In its current motions as to Points II and III, the People seek to preclude the Defendant from offering any evidence or argument that the FEC dismissed complaints against the Defendant regarding allegations that he committed campaign finance violations. People's Memo at pg. 19

The People's motion is GRANTED. That the FEC dismissed the complaint against Defendant and the DOJ decided against prosecuting Defendant for potential FEC violations are probative of nothing. These matters are therefore irrelevant and Defendant is precluded from eliciting testimony or introducing evidence about both.
The prosecution's charges rest in part on the claim that Trump violated federal campaign laws outside that court's jurisdiction, and the judge barred the defense from even presenting the argument (let alone the witness) that the FEC, who has the jurisdiction to enforce those statutes, received complaints about this and dismissed them. They wanted to call a former member of and longtime advisor to the FEC to testify about what that law is and that they were dismissed, and the judge forbade it.

 

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The prosecution's charges rest in part on the claim that Trump violated federal campaign laws outside that court's jurisdiction, and the judge barred the defense from even presenting the argument (let alone the witness) that the FEC, who has the jurisdiction to enforce those statutes, received complaints about this and dismissed them.
The judge notes that the decision of another body whether to pursue a case or not offers no key evidence of whether a crime has occurred. I suspect that this is also at least on the boundary of the defence attempting to direct the jury on a point of law, which is the prerogative of the judge.
 

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The judge notes that the decision of another body whether to pursue a case or not offers no key evidence of whether a crime has occurred.
It does though. If it were two equal powers where one brought the case and the other didn't, sure, that wouldn't be much of an argument. But the enforcement bodies that could charge him for this dismissed the complaints, while the State of New York, who can't charge him for that crime, claims he committed it, and also claims they don't have to prove it.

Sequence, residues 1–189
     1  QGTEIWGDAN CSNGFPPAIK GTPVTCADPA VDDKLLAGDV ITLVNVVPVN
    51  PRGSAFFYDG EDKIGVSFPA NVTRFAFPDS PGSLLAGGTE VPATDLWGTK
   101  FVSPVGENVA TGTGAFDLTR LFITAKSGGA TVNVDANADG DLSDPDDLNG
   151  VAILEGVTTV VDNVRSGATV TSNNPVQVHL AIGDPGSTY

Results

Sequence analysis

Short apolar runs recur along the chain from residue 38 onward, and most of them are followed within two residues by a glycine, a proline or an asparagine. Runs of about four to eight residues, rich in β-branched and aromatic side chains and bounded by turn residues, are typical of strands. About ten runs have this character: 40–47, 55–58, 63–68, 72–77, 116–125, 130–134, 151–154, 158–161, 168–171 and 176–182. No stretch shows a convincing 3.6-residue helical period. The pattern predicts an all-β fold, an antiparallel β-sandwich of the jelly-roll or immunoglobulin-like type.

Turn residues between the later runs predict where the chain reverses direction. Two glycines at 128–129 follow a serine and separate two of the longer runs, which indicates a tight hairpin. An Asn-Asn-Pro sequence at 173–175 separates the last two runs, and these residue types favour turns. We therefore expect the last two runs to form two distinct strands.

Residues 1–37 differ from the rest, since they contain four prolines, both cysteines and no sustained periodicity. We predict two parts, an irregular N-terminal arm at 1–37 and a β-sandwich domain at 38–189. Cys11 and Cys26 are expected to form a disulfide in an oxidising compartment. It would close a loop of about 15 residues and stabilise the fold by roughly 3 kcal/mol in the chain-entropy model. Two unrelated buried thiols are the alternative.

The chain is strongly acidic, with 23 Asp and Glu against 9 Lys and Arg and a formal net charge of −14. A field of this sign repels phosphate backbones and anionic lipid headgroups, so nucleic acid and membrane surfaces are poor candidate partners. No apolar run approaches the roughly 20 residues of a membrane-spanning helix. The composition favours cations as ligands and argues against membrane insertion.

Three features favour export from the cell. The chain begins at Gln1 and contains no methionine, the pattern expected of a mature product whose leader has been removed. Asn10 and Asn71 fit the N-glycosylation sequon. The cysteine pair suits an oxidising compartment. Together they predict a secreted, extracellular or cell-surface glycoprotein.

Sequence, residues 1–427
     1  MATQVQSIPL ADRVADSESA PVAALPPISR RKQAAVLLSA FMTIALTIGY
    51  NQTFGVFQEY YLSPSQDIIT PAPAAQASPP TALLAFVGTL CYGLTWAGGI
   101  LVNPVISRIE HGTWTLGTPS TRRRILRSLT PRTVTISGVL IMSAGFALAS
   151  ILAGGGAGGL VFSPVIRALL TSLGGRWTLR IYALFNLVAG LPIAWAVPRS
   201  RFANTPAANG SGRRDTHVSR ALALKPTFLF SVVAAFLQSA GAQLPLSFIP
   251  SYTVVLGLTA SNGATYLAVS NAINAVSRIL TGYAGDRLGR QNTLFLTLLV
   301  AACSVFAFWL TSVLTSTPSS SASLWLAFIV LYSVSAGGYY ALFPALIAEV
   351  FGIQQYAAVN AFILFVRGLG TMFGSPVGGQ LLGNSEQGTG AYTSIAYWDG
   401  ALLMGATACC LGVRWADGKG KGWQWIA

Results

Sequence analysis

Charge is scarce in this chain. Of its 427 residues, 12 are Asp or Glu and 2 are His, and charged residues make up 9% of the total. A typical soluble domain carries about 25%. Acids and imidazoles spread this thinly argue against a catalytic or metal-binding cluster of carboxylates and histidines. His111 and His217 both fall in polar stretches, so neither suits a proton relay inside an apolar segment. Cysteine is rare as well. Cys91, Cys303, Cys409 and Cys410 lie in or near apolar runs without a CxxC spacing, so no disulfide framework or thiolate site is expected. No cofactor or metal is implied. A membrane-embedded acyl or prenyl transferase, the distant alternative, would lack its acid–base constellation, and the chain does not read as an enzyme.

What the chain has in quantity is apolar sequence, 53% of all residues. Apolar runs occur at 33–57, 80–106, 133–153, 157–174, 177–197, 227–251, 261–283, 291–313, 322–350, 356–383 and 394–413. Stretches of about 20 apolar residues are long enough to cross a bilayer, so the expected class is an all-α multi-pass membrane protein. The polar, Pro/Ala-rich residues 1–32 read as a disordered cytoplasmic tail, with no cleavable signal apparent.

Cohen started paying Daniels about this in 2011. There's nothing but opinion on whether that continuing in 2016 should be legally required to be labelled a campaign expense, and they were barred from presenting any opinion higher than the judge's. We can both see how this goes to appeal.

Edit: Like just recently, Harvey Weinstein, who committed heinous sex crimes, had his conviction overturned in the courts of the same state, specifically because the prosecutor used uncharged crimes in their case. Do you imagine that same appeals court is going to let them base a case on uncharged crimes that they can't prove, where the judge bars the defense from even mentioning he wasn't charged for them and then tells the jury they don't have to agree whether those crimes took place, so long as they agree that a crime took place somewhere?
 
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Satinavian

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The defense just did a horrible job. They were not able to put up a plausible alternative story to present in their closing argument. Their prime witness was pretty unhinged. They often stalled and meandered as if they didn't have a plan. They didn't even manage to make Cohen, a known perjurer look untrustworthy to the jury. They failed so hard in cross examination that the persecution didn't use some other witnesses and ended it when his testimony was still fresh - they obviously hadn't planned for the defense to be that ineffective.

Might there have been another result if Trump had not had bumbling idiots for attorneys ? Maybe. But that does not make the trial unfair or unvalid.